First Place

Natural Balance L.I.D. Limited Ingredient Diets® Sweet Potato & Fish Dry Dog Formula

Natural Balance L.I.D. Sweet Potato & Fish dog food checks a couple of boxes for dogs prone to pancreatitis. First, it’s moderate in fat at 26% of calories coming from fat. It also has a moderate protein level (22% of calories) and a low fiber at 5% maximum on the guaranteed analysis.

Being a limited ingredient diet, it might also be helpful for dogs with food sensitivities. Calories in this food come from salmon, menhaden fish meal, sweet potatoes and potatoes. All of those ingredients work well for many sensitive dogs.

Pros: Available without a prescription, moderate fat, low/moderate protein, low fiber, ingredients suited to sensitive dogs.

Cons: Fat level may be too high for some dogs, price per calorie slightly higher than the Earthborn Holistic Weight Control food.

Second Place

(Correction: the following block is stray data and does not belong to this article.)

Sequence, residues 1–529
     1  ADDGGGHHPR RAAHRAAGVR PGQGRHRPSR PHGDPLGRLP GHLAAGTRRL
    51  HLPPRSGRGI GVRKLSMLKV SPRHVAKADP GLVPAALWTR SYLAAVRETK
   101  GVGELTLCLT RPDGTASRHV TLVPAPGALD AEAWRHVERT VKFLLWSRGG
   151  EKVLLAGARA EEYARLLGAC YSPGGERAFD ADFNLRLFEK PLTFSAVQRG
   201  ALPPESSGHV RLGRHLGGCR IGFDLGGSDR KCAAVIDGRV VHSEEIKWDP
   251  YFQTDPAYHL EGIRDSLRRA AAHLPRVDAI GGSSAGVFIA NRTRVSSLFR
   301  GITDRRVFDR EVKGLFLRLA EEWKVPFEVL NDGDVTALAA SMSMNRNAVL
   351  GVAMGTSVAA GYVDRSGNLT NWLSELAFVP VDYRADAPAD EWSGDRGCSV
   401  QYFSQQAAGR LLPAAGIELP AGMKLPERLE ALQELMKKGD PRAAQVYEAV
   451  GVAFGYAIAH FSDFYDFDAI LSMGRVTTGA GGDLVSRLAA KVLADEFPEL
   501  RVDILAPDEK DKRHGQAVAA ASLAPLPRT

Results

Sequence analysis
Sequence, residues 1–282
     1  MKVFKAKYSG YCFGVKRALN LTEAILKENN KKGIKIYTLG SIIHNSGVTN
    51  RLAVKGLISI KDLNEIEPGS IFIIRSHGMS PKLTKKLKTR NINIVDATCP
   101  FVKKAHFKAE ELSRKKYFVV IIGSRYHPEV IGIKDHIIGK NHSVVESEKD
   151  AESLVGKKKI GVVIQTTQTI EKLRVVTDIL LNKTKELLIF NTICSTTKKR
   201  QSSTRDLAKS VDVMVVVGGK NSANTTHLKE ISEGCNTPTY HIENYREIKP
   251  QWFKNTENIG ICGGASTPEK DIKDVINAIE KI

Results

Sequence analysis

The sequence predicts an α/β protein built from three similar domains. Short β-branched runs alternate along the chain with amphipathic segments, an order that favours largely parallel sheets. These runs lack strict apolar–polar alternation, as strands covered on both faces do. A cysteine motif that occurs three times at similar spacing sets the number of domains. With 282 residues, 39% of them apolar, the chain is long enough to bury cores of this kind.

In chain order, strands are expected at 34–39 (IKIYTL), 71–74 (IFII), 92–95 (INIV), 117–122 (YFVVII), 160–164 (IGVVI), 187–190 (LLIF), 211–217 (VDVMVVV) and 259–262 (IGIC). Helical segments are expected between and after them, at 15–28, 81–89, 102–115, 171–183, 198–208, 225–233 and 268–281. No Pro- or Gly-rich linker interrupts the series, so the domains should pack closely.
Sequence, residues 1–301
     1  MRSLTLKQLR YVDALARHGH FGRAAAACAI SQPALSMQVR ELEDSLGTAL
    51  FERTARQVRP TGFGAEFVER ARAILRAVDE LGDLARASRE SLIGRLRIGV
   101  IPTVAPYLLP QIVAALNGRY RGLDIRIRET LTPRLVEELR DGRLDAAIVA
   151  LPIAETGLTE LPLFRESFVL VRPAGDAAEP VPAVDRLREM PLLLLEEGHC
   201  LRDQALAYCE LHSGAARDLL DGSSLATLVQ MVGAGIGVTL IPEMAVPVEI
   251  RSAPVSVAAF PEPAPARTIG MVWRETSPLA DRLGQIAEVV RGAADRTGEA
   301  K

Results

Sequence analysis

Wellness® Complete Health Senior

Wellness Complete Health Senior dry dog food is made for senior dogs but could also work well for a dog prone to pancreatitis. It has a moderate fat level (26% of calories), a moderate protein level (23% of calories) and a low fiber level at 4.25% maximum on the guaranteed analysis label.

Wellness makes this food with deboned chicken, chicken meal and several grains, including oats, barley and rice. Peas add to the carbohydrates and protein in the food.

Pros: Available without a prescription, relatively low cost, the flavor should be acceptable to most dogs since it’s ingredients are similar to average dry dog food, moderate fat and protein level, low fiber, no wheat/soy/corn/meat by-products, has added glucosamine and chondroitin.

Cons: Chicken could be a problem for sensitive dogs, grains may be irritating to some dog’s GI tracts.

Third Place

V-Dog® Kind Kibble

Here’s a unique food made without any animal products. Legumes, grains, potatoes and seeds provide the nutrients in V-dog Vegan Kibble. This food might especially appeal to your ethical senses.

Pros: Available without a prescription, moderate fat and protein, low fiber, lack of animal products will appeal to some humans, dogs with sensitivities to multiple animal proteins could do well with this food.

Cons: Costs more than all other dry foods I evaluated, some people believe dogs should eat meat, contains several grains and legumes which can be more difficult to digest.

Fourth Place

Hill’s Prescription Diet ® g/d Aging Care Dog Food Canned Dog Food